It’s 10 p.m. and very dark outside. The moon trickles a little light in through my second-floor bedroom window.
Only one light shows in the blackness. It’s the house across the gully. It's the only house I can see.
I remember the first time I saw this house where I now live. I’d stopped into a real estate office to see a friend who said, “I’m busy, but Tom is going out on an appraisal team with some young people. You should tag along.”
“Why?” I asked, “I’m not in real estate.”
“Just go,” she answered, giving me a gentle shove. So I did.
We drove through the Portuguese Bend gates and then uphill until we came to the gates that led to this old house, our destination. The house loomed up in front of us, a large structure Italian in style with a red tile roof. Lovely, I thought.
We all piled out and started circling the house noting the old hedges and overgrown garden. The young people huddled together, wide-eyed and silent.
One finally whispered, “You can only see one house from here.”
“Spooky” agreed her friend.
I was hugging myself in silence and thinking that not being able to see your neighbors would be a wonderful way to live.
Now, at the time, my neighbors were not bad people. It's just that they were living there cheek by jowl on either side of me. I couldn’t think of anything nicer than gazing at a view of nothing but hills covered with greenery.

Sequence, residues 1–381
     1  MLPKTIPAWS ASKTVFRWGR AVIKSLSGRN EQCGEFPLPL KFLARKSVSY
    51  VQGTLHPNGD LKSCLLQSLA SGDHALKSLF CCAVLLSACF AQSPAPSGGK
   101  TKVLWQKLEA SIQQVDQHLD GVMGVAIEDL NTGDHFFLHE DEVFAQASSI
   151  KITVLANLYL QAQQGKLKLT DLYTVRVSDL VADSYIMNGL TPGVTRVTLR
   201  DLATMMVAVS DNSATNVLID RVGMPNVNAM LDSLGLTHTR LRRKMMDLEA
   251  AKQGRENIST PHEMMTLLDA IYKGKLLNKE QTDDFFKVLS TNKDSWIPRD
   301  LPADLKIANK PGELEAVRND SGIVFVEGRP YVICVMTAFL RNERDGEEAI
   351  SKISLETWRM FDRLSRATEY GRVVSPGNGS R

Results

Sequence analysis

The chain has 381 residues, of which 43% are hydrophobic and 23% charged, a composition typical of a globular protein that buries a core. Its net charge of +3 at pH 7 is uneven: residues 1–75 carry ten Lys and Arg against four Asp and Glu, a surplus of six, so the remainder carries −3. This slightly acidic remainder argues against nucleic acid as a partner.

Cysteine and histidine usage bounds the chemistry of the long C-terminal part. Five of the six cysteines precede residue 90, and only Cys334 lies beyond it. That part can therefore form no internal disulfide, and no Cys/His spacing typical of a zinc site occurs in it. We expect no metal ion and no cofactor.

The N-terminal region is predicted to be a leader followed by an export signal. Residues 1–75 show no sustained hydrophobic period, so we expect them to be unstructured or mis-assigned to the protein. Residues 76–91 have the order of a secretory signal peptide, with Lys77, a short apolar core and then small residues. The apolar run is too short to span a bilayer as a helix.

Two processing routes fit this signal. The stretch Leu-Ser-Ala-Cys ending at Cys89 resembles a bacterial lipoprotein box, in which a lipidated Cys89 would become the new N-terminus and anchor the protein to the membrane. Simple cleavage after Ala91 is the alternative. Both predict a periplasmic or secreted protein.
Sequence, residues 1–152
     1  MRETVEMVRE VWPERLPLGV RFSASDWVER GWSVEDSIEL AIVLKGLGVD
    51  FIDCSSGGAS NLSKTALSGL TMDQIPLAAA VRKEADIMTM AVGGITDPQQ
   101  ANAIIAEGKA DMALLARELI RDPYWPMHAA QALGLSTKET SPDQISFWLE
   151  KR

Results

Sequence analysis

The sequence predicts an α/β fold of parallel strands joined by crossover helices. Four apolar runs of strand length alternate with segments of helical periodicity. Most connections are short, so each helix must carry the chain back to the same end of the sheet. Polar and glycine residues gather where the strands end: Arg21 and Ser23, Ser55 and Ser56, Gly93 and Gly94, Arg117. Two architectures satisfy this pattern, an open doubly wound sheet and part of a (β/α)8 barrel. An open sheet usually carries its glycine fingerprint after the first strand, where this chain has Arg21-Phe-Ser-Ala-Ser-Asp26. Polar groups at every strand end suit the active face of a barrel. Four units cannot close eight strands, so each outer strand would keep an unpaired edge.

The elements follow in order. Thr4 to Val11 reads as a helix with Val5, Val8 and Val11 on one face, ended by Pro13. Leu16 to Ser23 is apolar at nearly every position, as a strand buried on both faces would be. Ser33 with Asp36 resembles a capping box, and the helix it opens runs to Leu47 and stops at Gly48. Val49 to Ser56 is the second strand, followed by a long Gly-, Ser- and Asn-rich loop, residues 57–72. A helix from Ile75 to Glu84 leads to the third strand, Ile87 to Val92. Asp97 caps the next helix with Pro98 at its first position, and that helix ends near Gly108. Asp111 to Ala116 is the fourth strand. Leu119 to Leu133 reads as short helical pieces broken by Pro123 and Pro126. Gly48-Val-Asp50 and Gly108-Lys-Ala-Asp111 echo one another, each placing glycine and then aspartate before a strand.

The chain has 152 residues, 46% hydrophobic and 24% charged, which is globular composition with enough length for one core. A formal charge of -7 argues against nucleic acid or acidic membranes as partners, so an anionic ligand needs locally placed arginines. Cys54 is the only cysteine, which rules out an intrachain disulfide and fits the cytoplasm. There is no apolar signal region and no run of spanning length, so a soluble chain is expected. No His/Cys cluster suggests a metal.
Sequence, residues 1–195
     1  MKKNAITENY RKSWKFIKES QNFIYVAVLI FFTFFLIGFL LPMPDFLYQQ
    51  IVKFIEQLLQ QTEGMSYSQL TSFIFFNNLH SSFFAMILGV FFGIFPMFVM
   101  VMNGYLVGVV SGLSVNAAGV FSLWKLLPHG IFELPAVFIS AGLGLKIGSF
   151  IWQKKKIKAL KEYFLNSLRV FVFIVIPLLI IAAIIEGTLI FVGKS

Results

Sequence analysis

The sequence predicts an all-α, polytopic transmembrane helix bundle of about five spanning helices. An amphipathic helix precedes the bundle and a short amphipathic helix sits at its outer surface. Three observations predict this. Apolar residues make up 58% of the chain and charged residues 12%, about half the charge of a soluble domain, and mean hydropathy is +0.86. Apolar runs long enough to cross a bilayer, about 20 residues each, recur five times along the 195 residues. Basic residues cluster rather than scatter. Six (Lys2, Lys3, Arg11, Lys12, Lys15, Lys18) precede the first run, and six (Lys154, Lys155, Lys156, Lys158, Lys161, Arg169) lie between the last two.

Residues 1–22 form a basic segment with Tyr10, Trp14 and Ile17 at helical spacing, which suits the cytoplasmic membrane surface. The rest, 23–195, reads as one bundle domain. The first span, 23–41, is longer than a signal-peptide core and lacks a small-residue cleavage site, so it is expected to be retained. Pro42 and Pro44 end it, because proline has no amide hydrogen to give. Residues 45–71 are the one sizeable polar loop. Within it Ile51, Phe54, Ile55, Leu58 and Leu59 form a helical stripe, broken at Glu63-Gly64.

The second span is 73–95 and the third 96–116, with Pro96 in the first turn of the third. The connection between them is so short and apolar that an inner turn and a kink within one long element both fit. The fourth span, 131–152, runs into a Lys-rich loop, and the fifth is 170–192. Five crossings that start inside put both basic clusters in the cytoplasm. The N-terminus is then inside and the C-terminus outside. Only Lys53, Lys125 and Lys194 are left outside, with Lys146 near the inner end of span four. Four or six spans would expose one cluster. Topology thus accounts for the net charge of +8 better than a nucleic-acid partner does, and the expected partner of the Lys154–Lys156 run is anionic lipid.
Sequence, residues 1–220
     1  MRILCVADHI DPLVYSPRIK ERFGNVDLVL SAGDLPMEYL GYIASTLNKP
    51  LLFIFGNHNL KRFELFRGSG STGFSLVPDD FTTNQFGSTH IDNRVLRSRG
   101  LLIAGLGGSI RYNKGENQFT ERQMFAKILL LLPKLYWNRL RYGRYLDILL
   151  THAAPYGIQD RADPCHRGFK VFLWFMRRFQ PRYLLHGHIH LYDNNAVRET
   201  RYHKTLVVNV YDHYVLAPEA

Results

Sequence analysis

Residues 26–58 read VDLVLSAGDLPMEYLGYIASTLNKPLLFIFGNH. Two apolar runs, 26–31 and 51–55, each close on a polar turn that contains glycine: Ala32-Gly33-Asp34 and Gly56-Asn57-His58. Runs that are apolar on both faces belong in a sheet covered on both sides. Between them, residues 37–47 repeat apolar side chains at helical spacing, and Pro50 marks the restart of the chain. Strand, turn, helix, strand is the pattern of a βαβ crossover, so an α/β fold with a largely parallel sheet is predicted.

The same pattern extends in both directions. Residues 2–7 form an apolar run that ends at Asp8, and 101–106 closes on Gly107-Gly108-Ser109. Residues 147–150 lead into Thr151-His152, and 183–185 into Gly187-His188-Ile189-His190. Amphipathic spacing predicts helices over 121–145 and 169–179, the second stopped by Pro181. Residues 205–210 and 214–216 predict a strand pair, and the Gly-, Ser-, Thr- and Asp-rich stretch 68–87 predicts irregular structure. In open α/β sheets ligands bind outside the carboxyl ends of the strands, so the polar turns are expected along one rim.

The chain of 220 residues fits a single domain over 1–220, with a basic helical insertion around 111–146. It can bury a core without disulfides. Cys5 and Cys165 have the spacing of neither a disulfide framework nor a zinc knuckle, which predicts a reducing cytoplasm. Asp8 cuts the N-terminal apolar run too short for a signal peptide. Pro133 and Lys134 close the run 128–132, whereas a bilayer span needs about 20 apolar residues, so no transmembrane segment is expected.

I barely listened to what the real estate expert was saying about the house. I was frantically calculating how much a house like this would cost and how we could possible buy it.
The owner, when I tracked him down, hemmed and hawed and wouldn’t commit to selling his home.
Finally I gave him a sealed bid for the amount that Tom, the appraiser, had said the house was worth. The owner waited three years before he phoned me to say, “If you’re ready to buy,I’m ready to sell.”
That was some thirty-odd years ago.
Our son and wife joined us after a while occupying quarters separate from ours but under the same roof.
Our youngest grandson came here when he was one-day old and lived here until he left for New York a few months ago at the age of 25.
So here I am looking at the light in the window of my only neighbors.
She and her husband have had health challenges this year, so I hope they are not up late dealing with some crisis. I’d like to think they are cozily watching TV together in the family room.
If I were gazing at a sea of twinkling lights, I wouldn’t worry about what all those people were doing, whether they were well and happy and looking forward to the morning’s light. But with only one house in view, it becomes personal.
You know who they are and what troubles they are facing. You want to send them encouragement and let them know you are wishing them well.
So I look out my window and worry.
An owl flaps by my window with a harsh cry. I worry more.
And now ... ah, their light just went out. It’s all dark over there. No light showing through the trees, only the white light of the moon.
They’ve gone to bed. And I should go to bed, too. Goodnight.